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Thread: Lag with telnet vs RS232

  1. #11
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    Quote Originally Posted by wkearney99 View Post
    Then you're out of luck.
    You're probably right, but I'm still going to experiment with RF sniffing to see if the dimmer transmits something I can respond to more quickly. My other super crazy idea is to try to reprogram the dimmer itself, but I'm pretty certain the firmware on it is going to be a major pain to reverse engineer. Could be fun though.

  2. #12
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    Mar 2016
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    Welcome to the world of RadioRA2! It's so close, but yet so far.

    I too was you a few months ago. Thinking about everything I could do to make RadioRA2 work for MY needs (granted, my needs are Homework QS features with RadioRA2 pricing/programming software availability). In the end, I went a different route with no complaints.

    I'll share some of the things I tried and considered (to no successful outcome, but your mileage may vary)

    1) One could try and figure out how to program a RadioRA2 dimmer with Homeworks QS firmware. This would probably be the "best" firmware hack (outside of completely writing your own... fun but why!?) I actually purchased a Homework QS dimmer to perform a hardware tear down. However, Lutron has done a good job at making these **** near impossible to take apart. It's more functional than for security purposes, but really limits someones ability to opening a dimmer up and programming firmware directly to the chip.

    2) All the programming logic is stored in the SQL database and then converted to some proprietary format before being sent over to the RadioRA2 controller. You could get lucky and find "remnant" code that you could have work manually manipulating the database. Other things to consider is most of Lutron stack is in C#/.NET. Lots of tools to help here....

    3) Reverse engineering the RF would be nifty, but again I think you'll be limited in what you can do. From what I could gather most of the logic actually gets programmed at the keypad/dimmer. This is based on the design and to perform the super fast lighting that Lutron brags/markets about. Example would be: Radio Controller sends out programming command to all lights in a scene. Programming command sets Scene 1 => Light1 50%, Light 2 100%, etc.. One simple command goes out that says recall scene 1 and voila! Devices all start executing whatever logic they were told.

    4) Manipulate Homework QS software (see examples above - C#/SQL) to associate with RadioRA2 devices. Didn't spend much time going down this path because: I suspect their is actually functionality differences between RadioRA2 firmware and HomeworkQS firmware that would cause it not to work. This would be more than a serial#/model# blacklist. Also, trying to find the Homework QS hardware can be $$$ and a PITA.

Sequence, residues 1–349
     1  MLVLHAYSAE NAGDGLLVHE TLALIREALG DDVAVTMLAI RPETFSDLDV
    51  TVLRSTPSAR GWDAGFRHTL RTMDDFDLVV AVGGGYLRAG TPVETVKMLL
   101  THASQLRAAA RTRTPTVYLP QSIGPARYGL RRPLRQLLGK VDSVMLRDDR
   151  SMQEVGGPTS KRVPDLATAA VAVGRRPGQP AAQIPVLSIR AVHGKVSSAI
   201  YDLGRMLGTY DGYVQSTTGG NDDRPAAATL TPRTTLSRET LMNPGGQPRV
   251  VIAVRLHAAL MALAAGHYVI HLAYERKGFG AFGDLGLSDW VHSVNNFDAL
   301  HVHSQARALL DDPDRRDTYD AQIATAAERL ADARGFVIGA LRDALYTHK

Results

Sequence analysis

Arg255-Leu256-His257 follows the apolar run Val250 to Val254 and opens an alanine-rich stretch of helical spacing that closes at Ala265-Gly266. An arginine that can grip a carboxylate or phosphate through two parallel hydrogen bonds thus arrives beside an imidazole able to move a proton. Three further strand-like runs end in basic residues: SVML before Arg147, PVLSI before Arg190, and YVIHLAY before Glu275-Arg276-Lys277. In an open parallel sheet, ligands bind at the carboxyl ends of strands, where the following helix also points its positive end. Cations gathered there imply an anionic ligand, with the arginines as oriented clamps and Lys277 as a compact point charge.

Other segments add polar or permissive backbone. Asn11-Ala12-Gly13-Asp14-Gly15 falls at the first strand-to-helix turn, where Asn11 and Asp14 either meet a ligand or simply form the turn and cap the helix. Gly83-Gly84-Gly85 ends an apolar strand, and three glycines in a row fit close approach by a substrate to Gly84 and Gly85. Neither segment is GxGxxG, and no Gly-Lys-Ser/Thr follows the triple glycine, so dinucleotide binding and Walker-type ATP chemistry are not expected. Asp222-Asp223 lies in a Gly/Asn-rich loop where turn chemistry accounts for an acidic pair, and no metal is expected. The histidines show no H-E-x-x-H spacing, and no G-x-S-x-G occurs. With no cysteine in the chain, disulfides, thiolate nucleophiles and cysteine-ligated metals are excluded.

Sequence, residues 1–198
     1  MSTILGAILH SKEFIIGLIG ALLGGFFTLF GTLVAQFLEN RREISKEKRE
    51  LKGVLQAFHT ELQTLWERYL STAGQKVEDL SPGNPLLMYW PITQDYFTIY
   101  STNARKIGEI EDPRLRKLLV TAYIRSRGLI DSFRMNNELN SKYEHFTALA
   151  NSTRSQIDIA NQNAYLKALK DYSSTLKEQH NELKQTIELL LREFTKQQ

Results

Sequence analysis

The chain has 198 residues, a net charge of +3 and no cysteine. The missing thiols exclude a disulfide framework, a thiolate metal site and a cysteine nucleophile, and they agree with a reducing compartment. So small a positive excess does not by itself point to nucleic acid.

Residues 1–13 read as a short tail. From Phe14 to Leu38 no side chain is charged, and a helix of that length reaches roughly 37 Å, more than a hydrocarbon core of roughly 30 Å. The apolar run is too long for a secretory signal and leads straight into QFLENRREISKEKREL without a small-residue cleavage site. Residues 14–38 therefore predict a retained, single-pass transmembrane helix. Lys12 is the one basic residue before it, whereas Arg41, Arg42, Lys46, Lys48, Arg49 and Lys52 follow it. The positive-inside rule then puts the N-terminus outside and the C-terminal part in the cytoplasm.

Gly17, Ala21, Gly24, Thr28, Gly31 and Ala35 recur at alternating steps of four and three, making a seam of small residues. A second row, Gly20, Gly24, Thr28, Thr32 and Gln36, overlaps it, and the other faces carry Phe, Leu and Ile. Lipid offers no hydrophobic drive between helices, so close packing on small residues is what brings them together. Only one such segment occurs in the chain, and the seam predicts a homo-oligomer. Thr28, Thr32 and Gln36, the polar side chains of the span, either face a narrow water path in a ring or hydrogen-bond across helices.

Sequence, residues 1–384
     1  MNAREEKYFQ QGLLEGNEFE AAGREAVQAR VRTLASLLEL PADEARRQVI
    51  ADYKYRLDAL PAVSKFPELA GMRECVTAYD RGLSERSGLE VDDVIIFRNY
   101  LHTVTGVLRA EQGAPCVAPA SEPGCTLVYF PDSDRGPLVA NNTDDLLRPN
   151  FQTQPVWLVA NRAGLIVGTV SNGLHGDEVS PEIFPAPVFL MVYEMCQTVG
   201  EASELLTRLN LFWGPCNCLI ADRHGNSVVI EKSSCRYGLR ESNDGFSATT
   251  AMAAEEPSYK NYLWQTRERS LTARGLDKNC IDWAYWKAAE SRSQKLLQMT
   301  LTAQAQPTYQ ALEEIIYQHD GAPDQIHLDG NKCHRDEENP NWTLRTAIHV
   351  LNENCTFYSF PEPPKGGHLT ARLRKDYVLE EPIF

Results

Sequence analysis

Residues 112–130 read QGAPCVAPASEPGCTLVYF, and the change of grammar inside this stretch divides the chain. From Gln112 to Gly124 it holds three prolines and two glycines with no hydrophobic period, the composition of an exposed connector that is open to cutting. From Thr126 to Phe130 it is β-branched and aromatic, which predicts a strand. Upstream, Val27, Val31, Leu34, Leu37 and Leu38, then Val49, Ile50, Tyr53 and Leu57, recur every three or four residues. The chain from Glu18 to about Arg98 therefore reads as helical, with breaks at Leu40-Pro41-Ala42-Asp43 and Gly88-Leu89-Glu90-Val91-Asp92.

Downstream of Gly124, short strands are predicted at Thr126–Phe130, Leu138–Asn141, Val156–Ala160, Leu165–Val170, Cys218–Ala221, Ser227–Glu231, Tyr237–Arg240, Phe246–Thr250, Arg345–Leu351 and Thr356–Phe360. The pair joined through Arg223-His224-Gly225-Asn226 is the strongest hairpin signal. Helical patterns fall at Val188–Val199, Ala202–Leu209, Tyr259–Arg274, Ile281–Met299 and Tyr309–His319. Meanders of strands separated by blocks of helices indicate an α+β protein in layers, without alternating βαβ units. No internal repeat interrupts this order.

I'm sure there are some other ways, but this is the short list I came up with.

    My ultimate decision: Time is money.... The amount of time I spent mucking around (yes it was fun, but...) and the time to get a functioning solution was more than me just buying a new lighting system. Sounds like you have a fun project and like to tinker, but just buy a keypad..... Lutron intentionally limits these devices to not compete with one another. I purchases RadioRA2 hoping the conditional logic and other advanced features could be addressed with an automation system. I was wrong. The Lutron architecture has a lot of secret sauce occurring within the devices firmware (based on their radio design).

    Good luck to you. I really do wish someone figures out how to maximize and unlock the potential to RadioRA!

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  4. #13
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    Thank you for the very detailed and informative post! Looks like you've been down the same paths as me and have helped save me a bunch of time on a few fronts, although some I've already spun my wheels and reached the same conclusion. And you're right - I'm totally doing this because it's a fun project, I'm learning a lot about RF/hardware, and I do like to tinker. Maybe I'll even solve my original button press lag problem :)

    I'll add that the integration support has generally worked quite well for most of my needs. As an example, I wanted a "Welcome" keypad button to set a scene AND turn off Away mode. Not possible unless you write your own code, but if you do it's actually very simple to write. I'm currently using the serial port, but Telnet was just as easy and I haven't observed any real difference.

    I'll share back to this post if I find anything valuable about lower-level integration, assuming Lutron's cool with me doing so.

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